“It’s time to ratify the Drought Contingency Plan. And we have 17 days to do it,” he warned state representatives, senators, and a slew of other former and current elected officials during his State of the State address. The Drought Contingency Plan refers to a set of agreements among the seven Colorado River basin states, which include Arizona, to take less water from the river in order to prevent it from dropping to catastrophically low levels.
Arizona must both pass an internal version of the plan, which spells out how Arizona water users will share cuts to their Colorado River water, and authorize Tom Buschatzke, the director of the Arizona Department of Water Resources, to sign an interstate plan on behalf of the state.
In December, the federal Bureau of Reclamation imposed the January 31 deadline for Colorado River basin states to finish their plans. If states miss this deadline, the Secretary of the Interior will decide how to distribute water cuts to states.
Arizona and California are the last states that still have to finalize their plans. And with Arizona the only one that needs to pass legislation to do so, other Colorado River basin states are anxiously waiting for Arizona to wrap things up before month's end.
In his remarks, Ducey described water security as the greatest challenge ahead for Arizona. And it was one that would come against the backdrop of a drier future, he said, although he did not specifically mention climate change. He called on legislators to be bipartisan as they worked toward passing the Drought Contingency Plan, and he tried to frame water as a neither political nor partisan.
House Speaker Rusty Bowers said he was glad that Ducey called attention to the remaining 17 days before the deadline. He warned that getting the Drought Contingency Plan through the legislature would not be easy, even though he described the odds of it not passing as “low.”
“It’s going to be a tough sell,” he told Phoenix New Times. Lawmakers don't have a special session scheduled to work on Drought Contingency Plan legislation, but Bowers said legislators would ask for one if necessary.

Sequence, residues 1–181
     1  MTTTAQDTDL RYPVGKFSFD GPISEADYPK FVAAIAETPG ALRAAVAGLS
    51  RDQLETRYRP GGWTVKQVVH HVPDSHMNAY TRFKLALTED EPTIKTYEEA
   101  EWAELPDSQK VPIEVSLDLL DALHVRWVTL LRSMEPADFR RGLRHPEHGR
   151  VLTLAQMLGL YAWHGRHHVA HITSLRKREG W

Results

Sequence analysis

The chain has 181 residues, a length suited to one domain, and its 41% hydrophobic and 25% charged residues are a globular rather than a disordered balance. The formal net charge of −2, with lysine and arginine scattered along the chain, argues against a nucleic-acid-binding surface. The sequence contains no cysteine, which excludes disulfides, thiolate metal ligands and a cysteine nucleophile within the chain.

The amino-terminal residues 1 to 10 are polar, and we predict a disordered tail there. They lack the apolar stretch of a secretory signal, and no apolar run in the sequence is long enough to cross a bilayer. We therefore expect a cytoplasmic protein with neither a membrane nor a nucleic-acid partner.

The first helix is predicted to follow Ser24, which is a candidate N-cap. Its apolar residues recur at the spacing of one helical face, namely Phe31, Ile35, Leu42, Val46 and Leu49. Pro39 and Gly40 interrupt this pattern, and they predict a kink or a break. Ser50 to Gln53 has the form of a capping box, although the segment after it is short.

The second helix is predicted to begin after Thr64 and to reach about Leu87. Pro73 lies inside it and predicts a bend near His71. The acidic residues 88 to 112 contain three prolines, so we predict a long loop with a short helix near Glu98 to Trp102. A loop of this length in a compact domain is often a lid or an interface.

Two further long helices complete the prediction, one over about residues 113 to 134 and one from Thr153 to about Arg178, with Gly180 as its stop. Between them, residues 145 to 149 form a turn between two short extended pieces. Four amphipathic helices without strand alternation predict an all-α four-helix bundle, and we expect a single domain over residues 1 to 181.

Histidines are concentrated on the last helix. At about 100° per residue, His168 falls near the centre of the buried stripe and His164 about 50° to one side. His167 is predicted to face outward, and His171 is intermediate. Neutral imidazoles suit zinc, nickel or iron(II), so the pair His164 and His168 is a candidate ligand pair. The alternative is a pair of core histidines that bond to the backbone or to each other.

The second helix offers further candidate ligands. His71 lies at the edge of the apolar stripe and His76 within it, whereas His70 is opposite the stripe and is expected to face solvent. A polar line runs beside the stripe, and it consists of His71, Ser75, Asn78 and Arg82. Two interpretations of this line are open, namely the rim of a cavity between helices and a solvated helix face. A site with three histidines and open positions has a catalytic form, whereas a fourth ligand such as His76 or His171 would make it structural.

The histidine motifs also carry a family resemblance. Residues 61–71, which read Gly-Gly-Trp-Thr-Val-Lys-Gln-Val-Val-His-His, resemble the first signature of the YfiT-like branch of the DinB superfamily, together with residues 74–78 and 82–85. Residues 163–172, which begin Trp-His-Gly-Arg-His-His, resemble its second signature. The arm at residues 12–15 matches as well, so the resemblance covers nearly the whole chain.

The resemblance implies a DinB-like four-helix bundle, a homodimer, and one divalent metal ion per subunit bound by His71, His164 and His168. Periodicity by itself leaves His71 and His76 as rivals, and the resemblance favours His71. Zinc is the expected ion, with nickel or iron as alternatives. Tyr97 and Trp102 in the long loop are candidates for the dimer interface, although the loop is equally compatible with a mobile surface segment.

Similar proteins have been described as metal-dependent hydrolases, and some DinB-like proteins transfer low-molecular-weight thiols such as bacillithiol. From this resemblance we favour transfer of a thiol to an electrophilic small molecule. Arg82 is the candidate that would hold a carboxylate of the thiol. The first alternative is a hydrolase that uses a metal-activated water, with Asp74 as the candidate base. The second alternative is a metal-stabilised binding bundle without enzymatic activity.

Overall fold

“We’re just going to hammer it through the legislative process,” he said. For now, the challenge is to cobble together water supplies for the groups set to lose a lot of water, like farmers in Pinal County.
Under the most recent version of the Drought Contingency Plan, these farmers will have to return to pumping groundwater for irrigation instead of using water from the Colorado River. In recent weeks, they’ve sought funding in increments — $5 million here, $5 million there — to cover the costs of building the necessary infrastructure, which they estimate could cost up to $50 million.
“Disparate dollars in disparate places make this thing work,” Bowers, who has a penchant for the literary, said.
During Ducey's speech, two legendary figures in Arizona's water history sat about 10 feet in front of him: former Governor Bruce Babbitt, who presided over Arizona’s 1980 Groundwater Management Act, and former Senator Jon Kyl, who played a key role in the federal Water Settlement Act of 2004.
Babbitt said that he would “be around” for the next few weeks to help with passing the Drought Contingency Plan. He wasn’t doing anything specific, Babbitt told New Times, but he would be talking with friends in the Legislature and urging them “to really bear down and get this done.”
Last Friday, legislators started attending primer sessions on water policy and the plan. Babbitt is not involved in these sessions, which are run by drought negotiation co-leaders Buschatze, and Ted Cooke, the general manager of the Central Arizona Project. Two more sessions will be held this week.
“It’ll solve itself” is not something Arizona can fall back on, at least not anymore. In 2020, the Bureau of Reclamation projects, levels at Lake Mead on the Colorado River will likely fall below 1,075 feet above sea level.
At this mark, the federal government will declare an official shortage, and Arizona will start to take cuts to its supply of Colorado River water. Figuring out how to share those cuts among various stakeholders — cities, tribes, industries, farmers, developers — has been contentious, at best.
Monday is the third time in three months that Ducey has tried to send the message from on high that Arizona is at a critical point when it comes to water.
In November, when negotiations over Arizona’s Drought Contingency Plan seemed on the verge of collapsing, he penned an op-ed in the Arizona Capitol Times urging stakeholders to come up with a plan. He said he would request $30 million in his budget for a drought plan that abides by his principles, which include leaving water in Lake Mead.
And in his inauguration speech last week, Ducey warned, “With a critical shortfall imminent [on the Colorado River], we cannot kick the can any further.”
The partial federal shutdown, which began December 22, has made the final days of Arizona’s drought negotiations even more difficult. But the Bureau of Reclamation has no plan to change the January 31 deadline, Leslie Meyers, Phoenix area manager for the bureau, told reporters after the most recent meeting of the Drought Contingency Plan Steering Committee, on January 8.